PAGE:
I admit, I love “doing it different.” It makes me feel like a rebel, a rule breaker. But I’m just realizing that I dont need to re-invent the wheel every day, and suffering thru, or making do with the wrong tool, is just a waste of time. I love my Catalyst wedge tool but it seems like everyone that does cold wax uses the Messermeister bowl scraper. Thankfully, I won one on Pamela Caughey’s youtube raffle along with some Gamblin paint. I still use my Catalyst tool but I threw out my Dollar Store silicon crap. I have some small plastic pallet knives that are nice for detail, but real metal knives for the big work. Blue Shop Towels!!! And finding the right surface. Right now, I’m just blowing thru what is left of my old canvases. I’ve found that the gessoed cradled boards are my thing. I love the feeling of spreading pain without the pulse of canvas. Even now, when I start on a canvas, I do some initial mark-making and then lay down some thick wax to help smooth the work area. The point is, I should have just gone on YouTube, seen what the pros are using and then bought that. There are reasons why they do things the way they do. While it’s fun to experiment and maybe discover something new, I realized that I want to focus on the art, not the medium (my sister always points that out).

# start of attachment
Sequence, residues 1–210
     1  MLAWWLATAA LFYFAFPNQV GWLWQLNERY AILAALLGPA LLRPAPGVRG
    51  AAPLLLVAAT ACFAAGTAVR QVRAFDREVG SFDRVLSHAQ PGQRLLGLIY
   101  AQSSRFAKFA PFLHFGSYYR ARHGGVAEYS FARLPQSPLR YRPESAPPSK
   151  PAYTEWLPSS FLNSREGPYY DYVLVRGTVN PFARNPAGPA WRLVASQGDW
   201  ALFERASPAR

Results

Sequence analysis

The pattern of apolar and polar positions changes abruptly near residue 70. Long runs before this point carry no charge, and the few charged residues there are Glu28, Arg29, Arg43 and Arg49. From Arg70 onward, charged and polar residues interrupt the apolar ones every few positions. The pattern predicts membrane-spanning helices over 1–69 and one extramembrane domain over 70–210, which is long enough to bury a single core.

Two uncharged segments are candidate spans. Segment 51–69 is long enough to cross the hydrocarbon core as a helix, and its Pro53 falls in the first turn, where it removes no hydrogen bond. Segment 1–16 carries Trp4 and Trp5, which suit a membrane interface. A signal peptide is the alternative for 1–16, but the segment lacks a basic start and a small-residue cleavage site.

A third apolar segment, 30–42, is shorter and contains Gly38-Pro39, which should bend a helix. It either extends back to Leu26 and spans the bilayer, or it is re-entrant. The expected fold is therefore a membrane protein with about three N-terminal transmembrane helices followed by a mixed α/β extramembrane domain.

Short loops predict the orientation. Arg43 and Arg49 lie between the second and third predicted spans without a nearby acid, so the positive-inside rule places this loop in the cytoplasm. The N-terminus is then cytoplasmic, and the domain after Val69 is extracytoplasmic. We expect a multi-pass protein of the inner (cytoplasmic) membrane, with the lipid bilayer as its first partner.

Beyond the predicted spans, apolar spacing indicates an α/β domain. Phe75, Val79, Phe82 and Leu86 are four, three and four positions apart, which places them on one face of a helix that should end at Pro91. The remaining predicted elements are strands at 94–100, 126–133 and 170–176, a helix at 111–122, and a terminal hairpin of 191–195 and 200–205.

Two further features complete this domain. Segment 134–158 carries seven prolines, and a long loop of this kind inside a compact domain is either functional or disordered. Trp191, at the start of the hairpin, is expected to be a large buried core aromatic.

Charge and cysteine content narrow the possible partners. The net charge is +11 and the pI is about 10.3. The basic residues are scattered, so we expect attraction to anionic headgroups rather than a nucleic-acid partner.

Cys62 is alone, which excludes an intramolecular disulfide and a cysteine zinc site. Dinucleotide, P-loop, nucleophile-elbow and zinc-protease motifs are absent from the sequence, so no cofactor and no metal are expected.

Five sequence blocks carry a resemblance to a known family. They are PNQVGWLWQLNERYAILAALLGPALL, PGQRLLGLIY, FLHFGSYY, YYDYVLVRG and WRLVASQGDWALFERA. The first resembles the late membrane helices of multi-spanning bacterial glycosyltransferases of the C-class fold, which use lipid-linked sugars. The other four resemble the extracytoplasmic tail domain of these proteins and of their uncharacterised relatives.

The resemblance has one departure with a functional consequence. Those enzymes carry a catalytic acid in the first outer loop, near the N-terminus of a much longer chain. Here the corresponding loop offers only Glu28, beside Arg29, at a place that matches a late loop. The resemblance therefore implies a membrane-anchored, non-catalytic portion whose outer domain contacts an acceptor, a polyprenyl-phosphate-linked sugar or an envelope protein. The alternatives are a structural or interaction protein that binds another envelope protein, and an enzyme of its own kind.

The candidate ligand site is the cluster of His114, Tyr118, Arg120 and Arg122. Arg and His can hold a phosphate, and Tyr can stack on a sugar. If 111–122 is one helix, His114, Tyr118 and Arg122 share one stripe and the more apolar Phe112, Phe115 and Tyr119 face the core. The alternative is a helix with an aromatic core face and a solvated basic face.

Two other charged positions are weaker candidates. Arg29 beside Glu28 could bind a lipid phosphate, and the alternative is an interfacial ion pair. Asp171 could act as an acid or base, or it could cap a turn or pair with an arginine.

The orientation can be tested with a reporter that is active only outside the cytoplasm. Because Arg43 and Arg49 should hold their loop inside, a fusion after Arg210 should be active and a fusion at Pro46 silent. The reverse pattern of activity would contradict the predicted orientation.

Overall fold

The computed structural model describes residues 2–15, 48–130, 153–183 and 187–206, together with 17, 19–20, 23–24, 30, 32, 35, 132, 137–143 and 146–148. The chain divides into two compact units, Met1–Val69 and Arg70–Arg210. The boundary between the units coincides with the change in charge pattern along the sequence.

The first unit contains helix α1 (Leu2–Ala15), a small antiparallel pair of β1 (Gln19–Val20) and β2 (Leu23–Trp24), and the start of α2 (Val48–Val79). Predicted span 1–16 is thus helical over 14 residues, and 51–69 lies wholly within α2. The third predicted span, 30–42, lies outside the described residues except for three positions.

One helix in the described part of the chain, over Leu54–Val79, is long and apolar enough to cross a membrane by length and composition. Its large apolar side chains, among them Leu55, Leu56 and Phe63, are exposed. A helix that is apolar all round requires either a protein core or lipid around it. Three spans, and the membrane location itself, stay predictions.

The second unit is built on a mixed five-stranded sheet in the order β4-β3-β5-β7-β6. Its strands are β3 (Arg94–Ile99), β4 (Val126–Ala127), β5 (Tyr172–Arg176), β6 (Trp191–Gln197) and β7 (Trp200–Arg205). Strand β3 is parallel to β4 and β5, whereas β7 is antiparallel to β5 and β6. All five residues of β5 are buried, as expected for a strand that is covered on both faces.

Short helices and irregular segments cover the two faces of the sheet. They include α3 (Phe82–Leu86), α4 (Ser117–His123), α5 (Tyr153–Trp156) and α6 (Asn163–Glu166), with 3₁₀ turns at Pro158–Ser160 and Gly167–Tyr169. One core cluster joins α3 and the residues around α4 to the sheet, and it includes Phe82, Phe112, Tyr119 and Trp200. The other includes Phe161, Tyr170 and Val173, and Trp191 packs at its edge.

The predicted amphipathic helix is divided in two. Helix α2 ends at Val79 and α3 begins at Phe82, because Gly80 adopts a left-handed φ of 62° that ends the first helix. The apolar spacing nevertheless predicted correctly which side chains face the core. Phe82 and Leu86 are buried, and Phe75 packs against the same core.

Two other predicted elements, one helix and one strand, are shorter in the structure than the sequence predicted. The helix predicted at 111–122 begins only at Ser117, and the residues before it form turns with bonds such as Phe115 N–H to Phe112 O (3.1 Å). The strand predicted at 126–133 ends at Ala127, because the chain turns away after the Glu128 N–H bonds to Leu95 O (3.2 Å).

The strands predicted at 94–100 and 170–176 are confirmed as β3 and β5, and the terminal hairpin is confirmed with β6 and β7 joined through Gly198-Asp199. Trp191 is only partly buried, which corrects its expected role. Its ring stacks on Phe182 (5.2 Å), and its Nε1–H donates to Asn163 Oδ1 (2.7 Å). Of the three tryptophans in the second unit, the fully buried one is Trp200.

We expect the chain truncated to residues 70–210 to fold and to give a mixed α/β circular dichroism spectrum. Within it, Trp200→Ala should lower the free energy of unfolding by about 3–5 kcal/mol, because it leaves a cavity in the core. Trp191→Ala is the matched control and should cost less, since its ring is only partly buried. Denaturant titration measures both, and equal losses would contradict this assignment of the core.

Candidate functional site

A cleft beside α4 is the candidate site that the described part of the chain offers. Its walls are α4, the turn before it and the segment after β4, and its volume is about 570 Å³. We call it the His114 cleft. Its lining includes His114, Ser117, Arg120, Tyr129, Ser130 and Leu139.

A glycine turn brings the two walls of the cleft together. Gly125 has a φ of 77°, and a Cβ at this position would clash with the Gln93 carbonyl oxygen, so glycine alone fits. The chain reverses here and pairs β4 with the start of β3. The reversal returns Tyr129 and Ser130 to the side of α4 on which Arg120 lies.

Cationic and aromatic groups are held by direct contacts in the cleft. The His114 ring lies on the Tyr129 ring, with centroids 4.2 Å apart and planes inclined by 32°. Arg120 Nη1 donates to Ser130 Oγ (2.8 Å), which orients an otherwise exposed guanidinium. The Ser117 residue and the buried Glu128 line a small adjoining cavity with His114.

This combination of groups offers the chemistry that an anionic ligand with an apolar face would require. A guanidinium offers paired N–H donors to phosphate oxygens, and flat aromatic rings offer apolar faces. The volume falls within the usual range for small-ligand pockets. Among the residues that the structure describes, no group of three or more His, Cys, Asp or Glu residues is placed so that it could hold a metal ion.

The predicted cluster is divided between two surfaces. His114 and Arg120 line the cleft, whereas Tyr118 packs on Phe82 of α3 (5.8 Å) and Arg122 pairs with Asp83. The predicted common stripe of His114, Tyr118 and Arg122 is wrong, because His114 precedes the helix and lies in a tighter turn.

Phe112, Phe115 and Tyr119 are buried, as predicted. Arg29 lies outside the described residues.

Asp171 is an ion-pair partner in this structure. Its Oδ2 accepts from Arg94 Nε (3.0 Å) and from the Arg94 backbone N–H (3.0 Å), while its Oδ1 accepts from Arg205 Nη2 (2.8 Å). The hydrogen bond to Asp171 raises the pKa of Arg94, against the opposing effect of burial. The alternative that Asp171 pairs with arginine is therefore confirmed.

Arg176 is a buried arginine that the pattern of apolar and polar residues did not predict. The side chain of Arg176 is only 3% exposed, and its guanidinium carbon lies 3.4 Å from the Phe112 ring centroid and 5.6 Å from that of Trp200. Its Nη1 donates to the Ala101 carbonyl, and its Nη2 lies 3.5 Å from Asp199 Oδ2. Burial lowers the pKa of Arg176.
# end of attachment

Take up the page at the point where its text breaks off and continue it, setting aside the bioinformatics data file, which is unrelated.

So what now… and why?
The artist Chuck Close said, “The advice I like to give young artists, or really anybody who’ll listen to me, is not to wait around for inspiration. Inspiration is for amateurs; the rest of us just show up and get to work.” These are the words all artist should have painted on their ceiling above their bed. I have it tattooed on the inside of my eye lids. Yet, it’s hard to get stated, and it’s hard to “kill your darlings” and I say it all the time, It’s hard to paint nothing after years of paining people, places and things, the challenges of the nothing=something of abstract is so much harder to do than I expected. And it’s super hard to rationalize or explain to people, especially when they have seen your portraits and know that you can paint things that look like things.
So why? I really dont know. I dont have these lofty ideas that , “I must paint.” I’m good at, and comfortable with, expressing myself thru actual words, or music or whatever. I dont need to paint. More than half the time it is just frustrating and not rewarding, but I guess that can be said about being a parent too. And I’m not making any money doing this, I’d bet less than 5 people that read this (if 5 people read this) have ever purchased my art. For me, for right now, at the moment of creation, as I mix the paints, as I spread it over the substrate, as I cut and scrape and build up layers… at that moment I am outside of myself. Out of my mind and body. Finding a meaning that is beyond words and thoughts. For those moments there is a feeling that passes by so quickly one almost doesnt realize they are in it. This must be like a runner’s high, or an actual drug-users high. But in a flash, it’s gone and I am left with color blocks, lines and marks. And if I’m lucky, when I look at the completed piece, I have a sense of what I felt while creating. So I guess the goal is to make something that allows the other people to feel it as well.